to play again before the NFL postseason at the earliest—making
him irrelevant for fantasy owners in 2016.
But here's the thing: It's super-difficult to cut a player that
you took with your first overall pick (as I did in the FFToday
Staff League)—especially when the player is vowing publicly
to get back into action as quickly as possible.
I should have cut him already, but I'm dawdling. I don't really
even understand what's taking me so long.
What about the AP owner in your league? Has that owner already
cut him? If not, is it because hope blooms eternal or because
it's just too painful to get rid of such an expensive player less
than a month into the season?
If you have a minute to spare, please comment below (or
email me) with the name of your league and the date upon which
Peterson was cut. If he hasn't yet been cut, please say so. And
if you know why the AP owner is still holding onto him, please explain
why—even if the explanation is as simple as "We have
an IR category in our league."
With so many close games predicted by Vegas this week, most would
say that there really isn’t an upset pick. I tend to agree.
So instead of giving a specific game, I'll warn readers against
any divisional games with a spread of less than 3 points. In those
games, anything goes. If you love to see the trick play, the special
teams play, the outstanding individual effort that snatches victory
from the jaws of defeat, then focus on the games between teams
that know each other well. So in other words, if you really want
to pick your favorite team when they are at home against their
biggest foe and it’s a tight spread, DON’T (at least
not in Week 4). Instead, consider the three juicy matchups below.
#3: Vikings over Giants (1-2, JAX, OAK,
Don’t look now, but Sam Bradford is leading a 3-0 team that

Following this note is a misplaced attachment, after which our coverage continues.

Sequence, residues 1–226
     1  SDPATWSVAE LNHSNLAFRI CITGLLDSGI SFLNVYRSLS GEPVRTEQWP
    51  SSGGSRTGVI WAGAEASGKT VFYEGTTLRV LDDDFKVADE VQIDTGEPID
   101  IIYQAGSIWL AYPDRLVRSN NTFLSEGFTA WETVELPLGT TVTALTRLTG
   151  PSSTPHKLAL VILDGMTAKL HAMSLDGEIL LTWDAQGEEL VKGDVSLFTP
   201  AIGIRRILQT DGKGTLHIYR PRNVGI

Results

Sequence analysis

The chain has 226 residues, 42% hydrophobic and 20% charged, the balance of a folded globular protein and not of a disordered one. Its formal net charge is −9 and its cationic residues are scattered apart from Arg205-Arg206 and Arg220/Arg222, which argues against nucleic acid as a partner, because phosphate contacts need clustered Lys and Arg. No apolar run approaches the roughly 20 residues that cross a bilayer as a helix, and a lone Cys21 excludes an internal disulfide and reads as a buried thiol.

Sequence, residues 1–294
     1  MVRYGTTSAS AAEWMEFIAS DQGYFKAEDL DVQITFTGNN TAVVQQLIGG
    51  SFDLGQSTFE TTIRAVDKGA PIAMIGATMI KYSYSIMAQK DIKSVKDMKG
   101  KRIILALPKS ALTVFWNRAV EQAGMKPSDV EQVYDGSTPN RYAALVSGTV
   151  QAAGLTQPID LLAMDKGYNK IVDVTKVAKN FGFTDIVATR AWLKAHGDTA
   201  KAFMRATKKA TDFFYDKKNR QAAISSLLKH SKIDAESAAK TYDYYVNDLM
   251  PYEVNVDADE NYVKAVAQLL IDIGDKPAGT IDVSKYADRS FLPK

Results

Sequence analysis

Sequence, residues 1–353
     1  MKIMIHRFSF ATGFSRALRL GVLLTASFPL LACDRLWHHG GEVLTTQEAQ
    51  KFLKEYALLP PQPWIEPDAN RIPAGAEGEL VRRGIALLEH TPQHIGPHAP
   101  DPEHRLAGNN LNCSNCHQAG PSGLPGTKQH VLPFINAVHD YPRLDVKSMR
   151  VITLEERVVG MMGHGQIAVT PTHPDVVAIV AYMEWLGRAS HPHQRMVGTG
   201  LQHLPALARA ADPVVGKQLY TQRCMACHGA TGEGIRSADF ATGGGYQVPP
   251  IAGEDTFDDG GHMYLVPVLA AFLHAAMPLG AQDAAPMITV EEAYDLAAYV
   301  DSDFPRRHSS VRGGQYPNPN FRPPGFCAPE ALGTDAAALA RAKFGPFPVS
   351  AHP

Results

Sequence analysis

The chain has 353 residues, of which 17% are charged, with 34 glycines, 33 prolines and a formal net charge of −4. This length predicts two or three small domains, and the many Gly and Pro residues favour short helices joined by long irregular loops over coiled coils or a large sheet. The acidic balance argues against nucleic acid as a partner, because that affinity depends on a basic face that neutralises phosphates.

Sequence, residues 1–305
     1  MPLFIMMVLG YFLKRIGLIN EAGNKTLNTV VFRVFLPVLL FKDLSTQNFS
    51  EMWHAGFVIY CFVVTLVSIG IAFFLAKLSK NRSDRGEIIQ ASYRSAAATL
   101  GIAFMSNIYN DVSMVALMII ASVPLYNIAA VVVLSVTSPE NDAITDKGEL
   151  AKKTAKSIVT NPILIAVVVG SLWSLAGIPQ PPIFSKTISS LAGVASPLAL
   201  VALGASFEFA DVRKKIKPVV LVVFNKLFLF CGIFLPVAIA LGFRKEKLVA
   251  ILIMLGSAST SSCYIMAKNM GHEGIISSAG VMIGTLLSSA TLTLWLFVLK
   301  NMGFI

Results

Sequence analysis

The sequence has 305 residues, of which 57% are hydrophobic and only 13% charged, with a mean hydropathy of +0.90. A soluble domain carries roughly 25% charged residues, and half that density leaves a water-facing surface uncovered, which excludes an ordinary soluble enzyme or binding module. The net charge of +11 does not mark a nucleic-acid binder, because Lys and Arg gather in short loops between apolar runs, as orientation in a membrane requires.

has lost its star running back and is playing a tough schedule
in the NFC North. This week the Vikings host a NY Giants team
that could easily be 3-0 (instead of 2-1) and is dealing with
RB issues of its own. Shane Vereen is out for what may be the
remainder of the season, so the Giants are eager to get Rashad
Jennings back. If Jennings isn’t available, then Paul Perkins—not
Orleans Darkwa—will carry the rock. The good news for Giants
fans is that Eli Manning has gone from having just one talented
widout in Odell Beckham, Jr. to having three (with the addition
of rookie Sterling Shepard and the return of Victor Cruz). The
bad news is that Minnesota's defense is legit—legit enough
to have limited opponents to the 3rd fewest points (40) so far
this season. Eli Manning is a lock for a handful of atrocious
games each season, and my money is on the Viking defense to extract
such a game from him in Week 4.
#2: Redskins over Browns: (2-1, HOU, AZ,
There is a trend developing in Survivor Pools this year: Pick
against the Browns. While that may not be music to the ears of
Dawg Pounders, it's what they should have expected in a rebuilding
year—especially when injuries have complicated matters.
Combine these negatives with having to play on the road at FedEx
Field where the Redskins return after winning a tight game against
a divisional foe (the Giants). Kirk Cousins will look to make
it two in a row and calm the voices of those who have "lost
confidence" in their 3rd-year signal caller. A solid game
in front of the home faithful will go a long way towards getting
Washington back in the hunt for the NFC East divisional crown—and
solid games are easy to come by against the Browns.
#1: Bengals over Dolphins: (3-0, SEA, CAR,
My #1 pick hasn't misfired yet in 2016. Let’s hope that
trend continues this week as I foresee a loss for the Miami Dolphins
when they visit the Bengals. The Dolphins have actually outscored
their hosts by almost a touchdown in the first three weeks, but
their 28th-ranked defense can't keep up with a potentially explosive
offense featuring A.J. Green and Jeremy Hill. In truth, you don't
even need to expect the Bengals to play well because there's every
reason to expect the Dolphins to play poorly. If Ryan Tannehill
could turn the ball over three times against the lowly Browns,
he should struggle mightily against the other team from Ohio—the
one with some actual talent. And struggle he will. But you won't—because
you're taking the Bengals.
Mike Davis has been writing about
fantasy football since 1999--and playing video games even longer
than that. His latest novel (concerning a gamer who gets trapped
inside Nethack after eating too many shrooms) can
be found here.